..........had a few meals with the family........

........celebrated Christmas with lots of gifts........

..........did some re-decorating at our mountain cabin in Pine...........

..........and did some outdoor work before..........

................it snowed!

All too soon, it was time to pack up the 5th wheel and head to another job.  We'll start doing a little sightseeing this weekend and I'll be blogging about our new adventures.  We're not in Arizona anymore!


Monday, November 10, 2014

George Washington's Mount Vernon

The last stop, before we left the Washington, D.C. area, was Mount Vernon, Virginia.  We had visited there many years ago and, although the original buildings remain the same, the area around it had changed greatly!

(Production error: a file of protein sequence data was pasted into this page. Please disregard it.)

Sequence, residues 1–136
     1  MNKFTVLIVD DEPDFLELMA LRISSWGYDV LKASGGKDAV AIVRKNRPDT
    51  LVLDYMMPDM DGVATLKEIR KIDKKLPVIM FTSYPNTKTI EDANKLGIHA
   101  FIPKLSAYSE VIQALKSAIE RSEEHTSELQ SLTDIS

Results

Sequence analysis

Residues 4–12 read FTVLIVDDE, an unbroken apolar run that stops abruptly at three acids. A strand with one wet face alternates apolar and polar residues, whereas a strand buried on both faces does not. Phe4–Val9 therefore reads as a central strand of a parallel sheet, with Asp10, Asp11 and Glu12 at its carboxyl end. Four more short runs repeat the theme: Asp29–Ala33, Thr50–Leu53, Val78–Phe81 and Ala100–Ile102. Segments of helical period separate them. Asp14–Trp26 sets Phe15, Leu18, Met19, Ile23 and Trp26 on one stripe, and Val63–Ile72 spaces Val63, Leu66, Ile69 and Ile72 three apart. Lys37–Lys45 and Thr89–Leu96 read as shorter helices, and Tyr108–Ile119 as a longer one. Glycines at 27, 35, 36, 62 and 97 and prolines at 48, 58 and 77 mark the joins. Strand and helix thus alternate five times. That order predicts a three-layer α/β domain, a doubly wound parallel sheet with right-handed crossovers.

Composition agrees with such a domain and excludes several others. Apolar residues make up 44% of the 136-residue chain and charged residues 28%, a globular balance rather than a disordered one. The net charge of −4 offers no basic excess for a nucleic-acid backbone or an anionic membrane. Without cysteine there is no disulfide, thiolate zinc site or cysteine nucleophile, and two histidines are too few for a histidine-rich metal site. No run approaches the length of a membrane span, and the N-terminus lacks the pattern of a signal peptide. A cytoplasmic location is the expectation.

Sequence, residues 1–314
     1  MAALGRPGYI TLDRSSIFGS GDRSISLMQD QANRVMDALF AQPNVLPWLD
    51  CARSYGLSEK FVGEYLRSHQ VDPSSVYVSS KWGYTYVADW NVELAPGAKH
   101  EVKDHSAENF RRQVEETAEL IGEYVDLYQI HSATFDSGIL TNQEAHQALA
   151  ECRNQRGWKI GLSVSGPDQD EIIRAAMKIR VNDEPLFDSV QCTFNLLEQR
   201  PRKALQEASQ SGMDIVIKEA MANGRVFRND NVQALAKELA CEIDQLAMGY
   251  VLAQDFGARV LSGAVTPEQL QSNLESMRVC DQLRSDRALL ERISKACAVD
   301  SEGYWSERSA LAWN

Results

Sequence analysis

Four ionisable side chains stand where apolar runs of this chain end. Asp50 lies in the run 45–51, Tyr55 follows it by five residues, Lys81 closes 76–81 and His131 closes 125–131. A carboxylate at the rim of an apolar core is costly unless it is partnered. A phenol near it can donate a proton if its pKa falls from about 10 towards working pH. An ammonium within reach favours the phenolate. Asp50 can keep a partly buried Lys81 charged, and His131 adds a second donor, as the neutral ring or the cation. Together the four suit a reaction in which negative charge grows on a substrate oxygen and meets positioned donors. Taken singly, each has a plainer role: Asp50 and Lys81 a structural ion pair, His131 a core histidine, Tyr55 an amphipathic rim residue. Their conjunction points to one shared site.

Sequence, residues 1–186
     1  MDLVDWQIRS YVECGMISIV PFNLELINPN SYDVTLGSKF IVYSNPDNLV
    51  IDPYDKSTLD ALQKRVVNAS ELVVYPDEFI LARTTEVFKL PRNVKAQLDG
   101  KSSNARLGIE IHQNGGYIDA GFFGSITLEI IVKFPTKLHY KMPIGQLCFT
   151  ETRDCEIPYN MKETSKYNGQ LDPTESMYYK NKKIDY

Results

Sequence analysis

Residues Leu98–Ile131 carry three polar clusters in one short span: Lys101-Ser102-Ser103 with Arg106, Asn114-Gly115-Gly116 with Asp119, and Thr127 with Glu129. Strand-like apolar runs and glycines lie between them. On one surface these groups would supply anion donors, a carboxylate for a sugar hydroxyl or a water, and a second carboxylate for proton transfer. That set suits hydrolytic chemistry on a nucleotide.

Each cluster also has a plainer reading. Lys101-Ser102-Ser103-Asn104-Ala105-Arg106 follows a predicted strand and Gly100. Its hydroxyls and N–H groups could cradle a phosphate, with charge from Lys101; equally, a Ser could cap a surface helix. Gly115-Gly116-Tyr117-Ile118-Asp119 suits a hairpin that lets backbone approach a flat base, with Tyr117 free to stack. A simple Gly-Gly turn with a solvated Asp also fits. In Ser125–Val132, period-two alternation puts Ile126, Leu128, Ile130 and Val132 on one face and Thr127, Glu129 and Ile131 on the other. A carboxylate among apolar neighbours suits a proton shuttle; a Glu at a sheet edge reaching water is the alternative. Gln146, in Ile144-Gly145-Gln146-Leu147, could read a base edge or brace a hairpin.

It was a chilly day but plenty of people were lined up to get a look inside our first President's home.  Like the majority of the homes we've visited "no photography" was allowed, which is a shame because the mansion is detailed to look as it did in 1799.  It features a large collection of furnishings owned by the Washingtons.

One of the biggest changes to the property was the large museum where you purchased your tickets and began your tour.  There is also an inn, where we had a delicious lunch, and a huge gift shop.  Dawn and I thoroughly enjoyed shopping for souvenirs.